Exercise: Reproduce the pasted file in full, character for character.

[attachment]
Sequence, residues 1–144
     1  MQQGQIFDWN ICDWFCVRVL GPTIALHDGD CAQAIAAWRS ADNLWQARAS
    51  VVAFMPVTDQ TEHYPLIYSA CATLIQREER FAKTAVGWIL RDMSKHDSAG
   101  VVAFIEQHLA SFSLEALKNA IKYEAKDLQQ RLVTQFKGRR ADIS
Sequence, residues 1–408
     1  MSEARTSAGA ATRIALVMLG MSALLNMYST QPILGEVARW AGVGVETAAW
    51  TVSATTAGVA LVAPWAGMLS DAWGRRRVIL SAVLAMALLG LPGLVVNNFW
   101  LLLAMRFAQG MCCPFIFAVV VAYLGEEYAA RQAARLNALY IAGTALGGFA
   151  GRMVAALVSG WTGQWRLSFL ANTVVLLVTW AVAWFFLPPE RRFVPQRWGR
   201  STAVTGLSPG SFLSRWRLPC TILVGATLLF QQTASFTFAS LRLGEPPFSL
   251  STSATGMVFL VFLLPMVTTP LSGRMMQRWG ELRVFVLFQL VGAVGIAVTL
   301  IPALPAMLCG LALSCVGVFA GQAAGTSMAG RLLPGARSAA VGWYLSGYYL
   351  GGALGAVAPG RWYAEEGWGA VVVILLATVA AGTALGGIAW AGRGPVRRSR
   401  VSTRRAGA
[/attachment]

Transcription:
Sequence, residues 1–144
     1  MQQGQIFDWN ICDWFCVRVL GPTIALHDGD CAQAIAAWRS ADNLWQARAS
    51  VVAFMPVTDQ TEHYPLIYSA CATLIQREER FAKTAVGWIL RDMSKHDSAG
   101  VVAFIEQHLA SFSLEALKNA IKYEAKDLQQ RLVTQFKGRR ADIS
Sequence, residues 1–408
     1  MSEARTSAGA ATRIALVMLG MSALLNMYST QPILGEVARW AGVGVETAAW
    51  TVSATTAGVA LVAPWAGMLS DAWGRRRVIL SAVLAMALLG LPGLVVNNFW
   101  LLLAMRFAQG MCCPFIFAVV VAYLGEEYAA RQAARLNALY IAGTALGGFA
   151  GRMVAALVSG WTGQWRLSFL ANTVVLLVTW AVAWFFLPPE RRFVPQRWGR
   201  STAVTGLSPG SFLSRWRLPC TILVGATLLF QQTASFTFAS LRLGEPPFSL
   251  STSATGMVFL VFLLPMVTTP LSGRMMQRWG ELRVFVLFQL VGAVGIAVTL
   301  IPALPAMLCG LALSCVGVFA GQAAGTSMAG RLLPGARSAA VGWYLSGYYL
   351  GGALGAVAPG RWYAEEGWGA VVVILLATVA AGTALGGIAW AGRGPVRRSR
   401  VSTRRAGA